A food forest, also called a forest garden, contains a variety of food plants with the goal of replicating the ecosystems and growing patterns found in nature. Food forests are food production systems that use perennial plants combined with annuals in a multi-story cropping design.
Communally established and managed food forests are a sustainable way to address the increased need for urban food security, resilient communities and productive public land. They can help people learn about and care for plants that produce edible fruits, nuts and vegetables.
Establishing a food forest
Food forests can be established on public or private lands. For community food forests to be successful, the key is collaboration and partnerships with committed community members who will manage the plantings once established.
Volunteer groups, youth and civic organizations, or nature and gardening clubs may be vital to establishing and managing a food forest in local communities. The people involved need to create policies on care, management and harvesting.
In 2018, a property owner in Luverne, Minn., established a community food forest with the assistance of Project Food Forest. This food forest was planted and maintained by many community volunteers and garden groups. University of Minnesota Extension was a partner in this project.
While the food it grows is central to its purpose, the most important yield from a community food forest is education. The forest can serve as a tool for learning about ecology, sustainable food production, food literacy and civic engagement in community initiatives. It can also provide an introduction to cultural practices such as foraging and gathering non-timber forest products.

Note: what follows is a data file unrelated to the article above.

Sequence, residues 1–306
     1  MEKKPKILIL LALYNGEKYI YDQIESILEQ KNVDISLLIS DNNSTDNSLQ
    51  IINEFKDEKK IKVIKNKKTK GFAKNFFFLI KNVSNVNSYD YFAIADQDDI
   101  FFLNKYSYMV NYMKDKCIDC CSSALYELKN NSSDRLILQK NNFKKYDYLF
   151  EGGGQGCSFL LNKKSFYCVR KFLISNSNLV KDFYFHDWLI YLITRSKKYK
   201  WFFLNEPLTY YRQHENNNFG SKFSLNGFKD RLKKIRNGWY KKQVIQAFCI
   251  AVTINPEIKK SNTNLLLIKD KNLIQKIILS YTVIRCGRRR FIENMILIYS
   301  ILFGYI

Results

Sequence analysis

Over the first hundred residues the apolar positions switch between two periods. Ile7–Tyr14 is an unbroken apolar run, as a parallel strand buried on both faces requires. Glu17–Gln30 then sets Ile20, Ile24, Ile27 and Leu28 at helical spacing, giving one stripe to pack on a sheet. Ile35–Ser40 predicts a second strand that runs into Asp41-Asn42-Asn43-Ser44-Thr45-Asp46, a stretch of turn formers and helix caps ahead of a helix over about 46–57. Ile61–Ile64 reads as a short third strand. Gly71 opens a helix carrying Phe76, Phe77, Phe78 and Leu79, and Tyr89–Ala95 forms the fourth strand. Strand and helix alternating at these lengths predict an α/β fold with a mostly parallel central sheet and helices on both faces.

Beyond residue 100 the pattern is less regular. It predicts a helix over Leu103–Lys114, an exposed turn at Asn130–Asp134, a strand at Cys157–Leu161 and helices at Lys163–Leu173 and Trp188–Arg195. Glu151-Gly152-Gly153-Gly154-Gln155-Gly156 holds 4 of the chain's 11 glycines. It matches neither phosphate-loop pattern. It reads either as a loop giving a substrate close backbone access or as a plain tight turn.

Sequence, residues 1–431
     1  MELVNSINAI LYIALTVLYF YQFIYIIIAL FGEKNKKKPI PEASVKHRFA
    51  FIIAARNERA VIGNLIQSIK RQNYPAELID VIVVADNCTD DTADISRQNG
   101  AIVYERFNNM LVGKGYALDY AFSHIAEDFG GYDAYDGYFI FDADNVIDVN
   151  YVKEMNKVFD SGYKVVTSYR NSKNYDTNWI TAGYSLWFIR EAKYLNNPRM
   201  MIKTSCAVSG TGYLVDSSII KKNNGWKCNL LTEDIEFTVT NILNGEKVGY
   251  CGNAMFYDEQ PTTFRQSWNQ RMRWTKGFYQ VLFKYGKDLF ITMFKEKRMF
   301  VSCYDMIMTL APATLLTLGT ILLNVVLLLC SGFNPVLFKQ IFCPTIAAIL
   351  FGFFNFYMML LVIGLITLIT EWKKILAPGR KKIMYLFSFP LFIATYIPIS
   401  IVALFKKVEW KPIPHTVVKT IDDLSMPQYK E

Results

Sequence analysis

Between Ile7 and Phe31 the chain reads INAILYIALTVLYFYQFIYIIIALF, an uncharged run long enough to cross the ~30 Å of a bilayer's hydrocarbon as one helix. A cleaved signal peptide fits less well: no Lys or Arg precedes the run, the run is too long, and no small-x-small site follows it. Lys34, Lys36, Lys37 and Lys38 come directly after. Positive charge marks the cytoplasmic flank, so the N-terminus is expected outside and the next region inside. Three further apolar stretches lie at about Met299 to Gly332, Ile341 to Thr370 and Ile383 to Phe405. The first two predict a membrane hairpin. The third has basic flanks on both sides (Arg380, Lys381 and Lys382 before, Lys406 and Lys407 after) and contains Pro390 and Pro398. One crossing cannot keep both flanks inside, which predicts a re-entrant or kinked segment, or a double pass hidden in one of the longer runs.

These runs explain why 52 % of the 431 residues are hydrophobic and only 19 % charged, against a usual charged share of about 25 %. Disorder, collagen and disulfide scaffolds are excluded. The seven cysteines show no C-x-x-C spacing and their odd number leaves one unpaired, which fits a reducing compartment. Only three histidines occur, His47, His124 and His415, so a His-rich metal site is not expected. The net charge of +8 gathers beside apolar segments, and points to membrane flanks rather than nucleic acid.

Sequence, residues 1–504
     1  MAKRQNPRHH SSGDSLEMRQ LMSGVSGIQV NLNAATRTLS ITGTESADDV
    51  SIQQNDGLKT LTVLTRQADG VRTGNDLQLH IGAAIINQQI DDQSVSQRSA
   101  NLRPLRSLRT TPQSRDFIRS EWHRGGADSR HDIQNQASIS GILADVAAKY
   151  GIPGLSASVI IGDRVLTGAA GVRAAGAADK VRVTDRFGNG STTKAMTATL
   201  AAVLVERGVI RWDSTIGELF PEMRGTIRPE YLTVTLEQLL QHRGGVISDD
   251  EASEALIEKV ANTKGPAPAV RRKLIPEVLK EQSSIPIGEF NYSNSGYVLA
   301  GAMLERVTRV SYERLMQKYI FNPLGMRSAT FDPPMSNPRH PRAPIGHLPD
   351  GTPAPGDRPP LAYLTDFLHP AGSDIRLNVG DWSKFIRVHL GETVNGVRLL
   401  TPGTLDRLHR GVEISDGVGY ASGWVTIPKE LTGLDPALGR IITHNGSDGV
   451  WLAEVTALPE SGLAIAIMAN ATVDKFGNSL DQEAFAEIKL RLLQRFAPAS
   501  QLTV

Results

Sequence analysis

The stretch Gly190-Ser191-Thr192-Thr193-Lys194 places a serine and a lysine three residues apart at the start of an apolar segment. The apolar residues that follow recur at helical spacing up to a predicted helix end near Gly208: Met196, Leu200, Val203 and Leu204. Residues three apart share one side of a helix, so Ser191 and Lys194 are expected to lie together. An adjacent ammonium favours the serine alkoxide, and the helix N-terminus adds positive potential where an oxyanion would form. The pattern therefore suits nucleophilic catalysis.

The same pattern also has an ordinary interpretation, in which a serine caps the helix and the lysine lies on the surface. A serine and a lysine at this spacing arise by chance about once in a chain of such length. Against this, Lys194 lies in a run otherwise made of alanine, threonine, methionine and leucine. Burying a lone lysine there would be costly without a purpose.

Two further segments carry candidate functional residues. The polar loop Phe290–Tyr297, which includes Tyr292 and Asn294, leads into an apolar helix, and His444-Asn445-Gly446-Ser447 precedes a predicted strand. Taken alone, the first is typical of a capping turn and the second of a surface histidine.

What to grow in a food forest?
A food forest is typically comprised of three to seven layers, which allow a small space to be used at multiple levels.
- The uppermost layer, or overstory, contains larger food-producing trees.
- The understory contains small trees and shrubs.
- The floor is home to herbaceous plants, root crops, ground cover crops and vines.
A three-layer system might include apple and cherry trees, hazelnut and Juneberry shrubs, and herbaceous plants such as asparagus and rhubarb.
Perennial trees and shrubs can be planted in both food forests and private backyards to provide food for local families.
Perennial plants suggested for Minnesota food forests:
Source for this page:
Why Plant a Community Food Forest, Catherine Bukowski
These resources will help you learn more about community food forests and perennial plants.
- Sustainable America
- My Smart Garden
- Food Forests around the world
- USDA National Agroforestry Center
- Recommended trees for Minnesota
- Growing edible fruits and nuts
Community Food Forest Handbook, Catherine Brukowski and John Munsell, book and map of food forest examples.
Minnesota Harvester Handbook, David Wilsey and Julie Miedtke
Farming the Woods: An Integrated Permaculture Approach to Growing Food and Medicinals in Temperate Forests, Ken Mudge and Steve Gabriel
Edible Forest Gardens, Dave Jacke and Eric Toensmeier
Integrated Forest Gardening: The Complete Guide to UM Polycultures and Plant Guilds in Permaculture Systems, Daniel Halsey, Bryce Ruddock, Wayne Weiseman
Reviewed in 2021